The Netflix Daredevil panel took place at New York Comic-Con on Saturday evening, and the biggest revelation is that Rosario Dawson is not playing any of the characters anyone guessed she might be playing. In fact she's playing a relatively obscure supporting character from the Luke Cage comics of the 1970s, Claire Temple.
Those lucky enough to attend the panel were treated to a preview clip that showed Temple, a nurse, tending to a wounded Matt Murdock (Charlie Cox). Other clips showed Daredevil rescuing Karen Page (Deborah Ann Woll) from a mugger, Vincent D'Onofrio as the Kingpin, and first glimpse inside the law offices of Nelson & Murdock. Following the panel, Marvel released images showing the first official glimpses of Daredevil, both in an early costume and in his civilian identity.
Marvel Television has released the first teaser for its forthcoming Guardians Of The Galaxy animated series, set to air next year on the Disney XD channel. The clip introduces viewers to two of the animated cast -- Rocket Raccoon in gun-toting action, and Star-Lord offering up a taste of his best cocky swag -- and provides a taste of the show's fast-moving, neon-heavy animation style.
The animated series was "announced" at New York Comic-Con on Friday (it's been announced at least twice previously, including at San Diego Comic-Con, but people have short memories for things they haven't see). No official launch date has been given, as the series is still in production.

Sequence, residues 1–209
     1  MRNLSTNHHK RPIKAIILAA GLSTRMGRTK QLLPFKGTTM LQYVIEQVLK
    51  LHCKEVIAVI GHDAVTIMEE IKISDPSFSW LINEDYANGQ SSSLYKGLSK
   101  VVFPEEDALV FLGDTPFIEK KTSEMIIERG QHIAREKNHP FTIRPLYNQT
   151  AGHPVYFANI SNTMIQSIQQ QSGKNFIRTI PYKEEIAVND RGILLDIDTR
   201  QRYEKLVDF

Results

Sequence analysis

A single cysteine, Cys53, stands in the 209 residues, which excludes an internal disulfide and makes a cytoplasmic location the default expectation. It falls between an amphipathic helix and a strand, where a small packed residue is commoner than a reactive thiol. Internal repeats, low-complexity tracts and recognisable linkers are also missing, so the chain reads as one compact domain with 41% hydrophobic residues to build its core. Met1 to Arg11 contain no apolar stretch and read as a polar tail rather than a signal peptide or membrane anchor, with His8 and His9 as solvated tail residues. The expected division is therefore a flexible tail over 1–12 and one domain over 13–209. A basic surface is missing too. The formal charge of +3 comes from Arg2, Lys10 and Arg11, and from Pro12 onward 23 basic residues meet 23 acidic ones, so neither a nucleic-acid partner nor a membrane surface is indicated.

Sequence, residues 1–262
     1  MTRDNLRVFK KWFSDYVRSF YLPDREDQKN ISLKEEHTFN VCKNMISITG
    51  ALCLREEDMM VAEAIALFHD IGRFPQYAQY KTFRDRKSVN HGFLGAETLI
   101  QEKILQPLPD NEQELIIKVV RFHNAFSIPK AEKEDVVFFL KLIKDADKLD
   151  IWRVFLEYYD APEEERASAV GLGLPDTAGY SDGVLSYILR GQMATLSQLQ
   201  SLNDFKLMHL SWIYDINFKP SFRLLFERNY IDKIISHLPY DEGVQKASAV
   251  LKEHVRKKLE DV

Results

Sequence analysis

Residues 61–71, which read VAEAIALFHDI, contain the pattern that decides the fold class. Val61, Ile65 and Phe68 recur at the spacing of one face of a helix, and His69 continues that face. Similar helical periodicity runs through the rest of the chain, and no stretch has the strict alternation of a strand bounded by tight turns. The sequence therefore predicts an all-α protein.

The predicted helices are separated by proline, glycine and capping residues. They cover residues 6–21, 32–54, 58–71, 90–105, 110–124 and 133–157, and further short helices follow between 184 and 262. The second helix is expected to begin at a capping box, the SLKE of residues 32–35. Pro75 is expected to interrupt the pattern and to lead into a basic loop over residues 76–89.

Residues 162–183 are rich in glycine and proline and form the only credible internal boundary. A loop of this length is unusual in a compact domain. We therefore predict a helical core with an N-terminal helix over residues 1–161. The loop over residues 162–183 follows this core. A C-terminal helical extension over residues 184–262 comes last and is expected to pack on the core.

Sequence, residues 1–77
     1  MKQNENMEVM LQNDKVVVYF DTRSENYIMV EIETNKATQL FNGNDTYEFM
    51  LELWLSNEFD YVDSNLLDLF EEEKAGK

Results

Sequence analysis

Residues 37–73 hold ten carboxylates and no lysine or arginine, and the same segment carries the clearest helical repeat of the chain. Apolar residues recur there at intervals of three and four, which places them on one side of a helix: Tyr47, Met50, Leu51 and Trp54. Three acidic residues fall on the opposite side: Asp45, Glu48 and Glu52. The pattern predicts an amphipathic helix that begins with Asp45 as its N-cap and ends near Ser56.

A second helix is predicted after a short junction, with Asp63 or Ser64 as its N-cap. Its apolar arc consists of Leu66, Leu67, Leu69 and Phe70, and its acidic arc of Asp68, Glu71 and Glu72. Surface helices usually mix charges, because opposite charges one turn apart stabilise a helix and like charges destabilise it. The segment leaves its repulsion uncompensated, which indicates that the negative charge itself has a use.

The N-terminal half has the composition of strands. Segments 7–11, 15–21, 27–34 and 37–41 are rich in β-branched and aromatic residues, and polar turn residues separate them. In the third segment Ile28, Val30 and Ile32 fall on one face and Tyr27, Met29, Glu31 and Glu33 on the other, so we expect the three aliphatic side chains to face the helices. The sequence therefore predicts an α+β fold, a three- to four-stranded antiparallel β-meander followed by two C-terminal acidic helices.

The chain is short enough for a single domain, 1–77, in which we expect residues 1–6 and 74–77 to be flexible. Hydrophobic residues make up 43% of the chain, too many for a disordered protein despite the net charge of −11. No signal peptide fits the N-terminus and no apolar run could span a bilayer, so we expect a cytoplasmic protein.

The premiere episode of The Legend of Korra’s fourth and final season finds the Earth Kingdom navigating choppy waters. In the three years since season 3’s finale, Kuvira has gone from the seemingly content captain of Su Yin’s guard to the “Great Uniter” of a fractured world. She has 90% of the Earth Kingdom under her thumb and, as we learn over the course of the episode, has accomplished this through a campaign of forced labor, manipulation of resources, and a burgeoning cult of personality.
We watch as the governor of Yi, initially committed to independence, is brought to heel by the lawless reality of his state and the temptations of Kuvira’s “generous proposal” of takeover. Idealists like Bolin and Baatar Jr. have joined her cause, as have opportunists like Varrick. Figures of murkily extrajudicial power, like Kai and Opal, urge caution in the face of her might, but by the end of the episode, that’s all they can do—urge caution.
When it comes to Gotham, two things are clear. One, the Fox crime drama purported to portray the origins of Batman and his criminal counterparts isn’t committed to much precision around the 75-year old mythos. Second, rather than tell the story of the unique and complex process of becoming Batman — a progressive evolution wherein a fearful, inexperienced but persistent youngster is shaped into an unlikely superhero — the show shortcuts to a nearly fully-formed Bruce Wayne in the body of an 11-year old kid.
Collecting police files. Testing endurance. Sneaking up on people. Unless we’re to believe the first three episodes take place in Bruce’s imagination as some part of a posttraumatic delusion, these are hardly behaviors we’d expect to see in a young boy immediately following parental loss — even for one who will grow up to be Batman. The only things missing are his cape and cowl. So for those who get a giggle out of watching a kid play detective and refuse psychotherapy, Gotham delivers. When it comes to villains, classic and original, the show has much more to offer.